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The effect of implicit and explicit extrinsic cues on hedonic and sensory expectations in the context of beer

Blackmore, Helena, Hidrio, Claire, Godineau, Philippe, Yeomans, Martin R.
Food quality and preference 2020 v.81 pp. 103855
alcohols, beers, bitterness, color, consumer attitudes, sensation, sweetness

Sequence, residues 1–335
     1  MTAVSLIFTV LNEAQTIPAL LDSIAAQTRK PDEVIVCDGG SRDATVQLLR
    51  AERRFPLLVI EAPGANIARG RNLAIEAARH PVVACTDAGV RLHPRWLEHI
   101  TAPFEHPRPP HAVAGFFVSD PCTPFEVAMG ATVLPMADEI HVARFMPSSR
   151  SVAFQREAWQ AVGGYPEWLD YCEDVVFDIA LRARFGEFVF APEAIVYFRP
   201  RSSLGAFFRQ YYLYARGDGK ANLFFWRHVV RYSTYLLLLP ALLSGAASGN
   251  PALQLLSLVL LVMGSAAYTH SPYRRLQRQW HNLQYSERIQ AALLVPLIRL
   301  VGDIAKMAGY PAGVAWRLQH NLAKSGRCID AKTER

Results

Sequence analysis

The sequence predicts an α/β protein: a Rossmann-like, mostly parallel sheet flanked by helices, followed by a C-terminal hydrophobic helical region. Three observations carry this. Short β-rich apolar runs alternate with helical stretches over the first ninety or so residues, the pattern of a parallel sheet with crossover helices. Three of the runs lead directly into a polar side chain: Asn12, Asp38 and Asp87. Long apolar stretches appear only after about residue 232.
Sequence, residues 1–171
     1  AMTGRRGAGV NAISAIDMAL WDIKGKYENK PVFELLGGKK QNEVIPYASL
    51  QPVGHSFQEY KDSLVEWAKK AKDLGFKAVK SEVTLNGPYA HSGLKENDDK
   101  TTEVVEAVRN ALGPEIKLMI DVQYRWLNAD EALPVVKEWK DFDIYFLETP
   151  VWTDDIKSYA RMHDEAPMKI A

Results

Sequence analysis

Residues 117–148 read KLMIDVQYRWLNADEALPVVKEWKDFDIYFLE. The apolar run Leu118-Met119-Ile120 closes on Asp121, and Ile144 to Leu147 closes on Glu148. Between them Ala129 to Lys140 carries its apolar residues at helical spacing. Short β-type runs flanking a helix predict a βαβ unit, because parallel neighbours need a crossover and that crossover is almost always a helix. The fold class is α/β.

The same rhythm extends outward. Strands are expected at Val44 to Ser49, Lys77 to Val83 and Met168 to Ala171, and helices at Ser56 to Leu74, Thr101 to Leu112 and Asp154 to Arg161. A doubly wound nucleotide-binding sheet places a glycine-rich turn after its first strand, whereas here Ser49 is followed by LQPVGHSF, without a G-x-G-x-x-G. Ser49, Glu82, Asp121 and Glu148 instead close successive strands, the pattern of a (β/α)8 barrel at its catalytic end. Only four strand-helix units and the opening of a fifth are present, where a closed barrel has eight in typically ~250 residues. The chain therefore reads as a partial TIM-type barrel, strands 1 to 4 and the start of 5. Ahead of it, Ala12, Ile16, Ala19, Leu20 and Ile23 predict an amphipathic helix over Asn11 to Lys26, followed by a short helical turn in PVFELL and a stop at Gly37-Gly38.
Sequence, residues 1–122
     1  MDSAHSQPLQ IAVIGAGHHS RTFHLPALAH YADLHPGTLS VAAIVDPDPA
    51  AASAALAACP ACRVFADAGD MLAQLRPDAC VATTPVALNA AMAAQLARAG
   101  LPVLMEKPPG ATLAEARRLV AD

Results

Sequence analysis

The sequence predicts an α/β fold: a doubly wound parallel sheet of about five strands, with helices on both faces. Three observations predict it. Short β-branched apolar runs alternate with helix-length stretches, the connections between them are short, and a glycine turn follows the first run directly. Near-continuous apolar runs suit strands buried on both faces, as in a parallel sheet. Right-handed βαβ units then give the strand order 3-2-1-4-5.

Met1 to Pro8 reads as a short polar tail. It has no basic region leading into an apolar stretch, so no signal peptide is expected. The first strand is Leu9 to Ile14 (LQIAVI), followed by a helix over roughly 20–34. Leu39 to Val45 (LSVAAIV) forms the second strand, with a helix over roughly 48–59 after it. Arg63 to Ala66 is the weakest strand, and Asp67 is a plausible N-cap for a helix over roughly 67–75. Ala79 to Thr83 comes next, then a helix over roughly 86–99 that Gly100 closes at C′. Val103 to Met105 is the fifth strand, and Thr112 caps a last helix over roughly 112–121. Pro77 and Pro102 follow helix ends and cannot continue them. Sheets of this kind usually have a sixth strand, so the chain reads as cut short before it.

While the demand for non-alcoholic beer has increased, consumers often complain about its inferior sensory characteristics. As expectations mediate the effect of extrinsic product cues on sensory perception, we could utilise these cues to improve consumers’ experience of such products. The current study, comprising four repeated measures experiments, investigated the role of extrinsic cues in generating sensory and hedonic expectations of beer. A hundred and sixty-six beer drinkers viewed realistic beer labels, which varied in their colour, design, labelled alcohol content and sensory descriptor, in response to which they rated their expectations of bitterness, smoothness, sweetness, refreshment, beer colour, body and liking. In summary, across these four experiments, label colour, labelled alcohol content and sensory descriptor all had significant and replicable effects on consumer expectations. However, the size of these effects depended on how explicit or implicit the information of a cue was relative to the presence and specificity of other cues on the label. For example, red and brown labels increased expected bitterness (F(3,108) = 16.58, p < 0.001, ηg² = 0.102), but this effect decreased (F(1,38) = 7.92, p = 0.008, ηg² = 0.026) when labelled alcohol content was also manipulatedand disappeared (F(1, 37) = 2.1, p = 0.156) when an explicit cue, a sensory descriptor, was added. Overall, the study provides new insights into how labelling shapes expectations, and illustrates the disproportionate influence of different extrinsic cues. Finally, the findings highlight the need to use realistic stimuli: the information different extrinsic cues carry and the way we combine theminfluences expectations.